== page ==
Technique aside, the prices you have mentioned are nowhere near viable as a sustainable business model. I don't care how low your overheads are... once you have covered marketing, promotion, film costs, fuel, insurance and so on, not to mention your time, you will be losing money.
Attempting to base your fees on what someone else charges is equally shortsighted... you don't know what their overheads are, you don't know how much work they are doing... and in fact you don't even know if they are making money. If you are serious, build a strong portfolio without too much concern for profitability. Your work needs to be strong, as the fact it is on film makes it no better or more desirable than portraits shot digitally. Once your have a portfolio, or preferably before, write down every single expense you can associate with offering portraiture as a service: insurance, website, phone etc. These are your indirect costs, and they exist regardless of whether you are getting work or otherwise. Next, work out the direct costs associated with each job; things like film, fuel, the expense in delivering a print and your time.
Now divide your indirect (ongoing) expenses by the number of commissions you expect to receive in a year. Then add onto that base figure, which will be much higher than you have anticipated, the costs associated with a single job (direct expenses)... You now have a sum for the bare minimum you must make off each job, just to break even. And with the figures you have worked out at this stage, you are likely being way too optimistic.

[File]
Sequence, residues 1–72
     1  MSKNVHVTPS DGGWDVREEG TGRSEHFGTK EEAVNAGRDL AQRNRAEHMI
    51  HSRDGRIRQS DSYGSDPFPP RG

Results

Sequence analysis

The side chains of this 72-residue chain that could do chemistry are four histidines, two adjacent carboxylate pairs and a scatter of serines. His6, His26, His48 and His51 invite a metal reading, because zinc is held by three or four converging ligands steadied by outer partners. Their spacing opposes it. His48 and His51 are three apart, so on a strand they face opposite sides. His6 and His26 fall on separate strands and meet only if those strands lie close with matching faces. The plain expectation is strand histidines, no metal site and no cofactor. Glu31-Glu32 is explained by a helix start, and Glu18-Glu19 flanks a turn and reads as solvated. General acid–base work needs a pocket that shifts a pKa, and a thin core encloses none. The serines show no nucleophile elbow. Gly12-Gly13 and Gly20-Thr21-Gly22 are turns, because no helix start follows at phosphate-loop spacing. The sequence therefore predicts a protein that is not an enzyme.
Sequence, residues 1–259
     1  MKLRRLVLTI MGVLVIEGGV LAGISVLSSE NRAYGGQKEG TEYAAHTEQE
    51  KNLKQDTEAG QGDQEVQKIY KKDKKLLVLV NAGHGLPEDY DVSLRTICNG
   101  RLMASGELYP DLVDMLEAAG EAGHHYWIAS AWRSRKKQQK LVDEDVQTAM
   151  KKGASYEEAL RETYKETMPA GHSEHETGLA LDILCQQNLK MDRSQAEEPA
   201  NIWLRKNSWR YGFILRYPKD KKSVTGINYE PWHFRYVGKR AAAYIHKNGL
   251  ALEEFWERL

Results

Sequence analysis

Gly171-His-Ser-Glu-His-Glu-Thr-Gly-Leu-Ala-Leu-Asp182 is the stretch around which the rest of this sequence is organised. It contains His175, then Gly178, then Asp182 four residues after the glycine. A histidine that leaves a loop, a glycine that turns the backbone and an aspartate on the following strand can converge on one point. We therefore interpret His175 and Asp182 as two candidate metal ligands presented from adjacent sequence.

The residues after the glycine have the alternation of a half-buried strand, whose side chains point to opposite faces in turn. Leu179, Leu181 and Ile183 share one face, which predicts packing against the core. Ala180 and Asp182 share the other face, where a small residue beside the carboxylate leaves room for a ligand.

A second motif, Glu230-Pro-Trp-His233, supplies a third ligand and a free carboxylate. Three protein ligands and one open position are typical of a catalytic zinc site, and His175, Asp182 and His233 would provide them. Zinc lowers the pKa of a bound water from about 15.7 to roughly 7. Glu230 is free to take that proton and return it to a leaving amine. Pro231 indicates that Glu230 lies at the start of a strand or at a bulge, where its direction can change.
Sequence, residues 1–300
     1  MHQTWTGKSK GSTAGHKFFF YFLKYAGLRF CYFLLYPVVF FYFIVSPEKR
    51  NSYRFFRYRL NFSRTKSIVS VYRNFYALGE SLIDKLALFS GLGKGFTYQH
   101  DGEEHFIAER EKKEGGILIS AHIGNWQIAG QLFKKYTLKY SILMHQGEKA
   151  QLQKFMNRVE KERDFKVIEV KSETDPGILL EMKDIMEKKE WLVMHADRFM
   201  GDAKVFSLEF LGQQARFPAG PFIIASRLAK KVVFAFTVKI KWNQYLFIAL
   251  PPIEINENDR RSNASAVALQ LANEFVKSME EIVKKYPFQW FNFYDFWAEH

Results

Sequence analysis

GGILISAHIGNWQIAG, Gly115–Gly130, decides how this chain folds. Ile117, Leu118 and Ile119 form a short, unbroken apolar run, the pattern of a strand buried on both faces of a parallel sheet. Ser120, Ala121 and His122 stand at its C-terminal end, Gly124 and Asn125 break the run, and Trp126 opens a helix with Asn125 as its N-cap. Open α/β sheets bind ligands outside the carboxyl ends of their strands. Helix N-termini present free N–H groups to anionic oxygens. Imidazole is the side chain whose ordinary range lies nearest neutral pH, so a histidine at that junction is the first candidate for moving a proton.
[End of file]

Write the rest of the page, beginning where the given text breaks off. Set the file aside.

I make my living full time as a family portrait photographer. Shooting film 100% of the time; expenses, time, insurance, tax etc all calculated, I could not make a living taking anything less that £1,000 average per job. I do now shoot a mixture of film (645) and digital (largely replacing 35mm) to maintain profitability. I also make platinum prints and frame, so take control of the whole process. I know how tough the market is, and I know that nobody much cares about the process unless they can see a difference in the results or cost.
If you charge too little you seem undesirable. You also don't make anything like the money you will need to advertise to the ideal target market - which you will need to find to cover your expenses. Perhaps I am jumping the gun with your intentions, but selling portraits successfully is a very hard market to crack... Best of luck!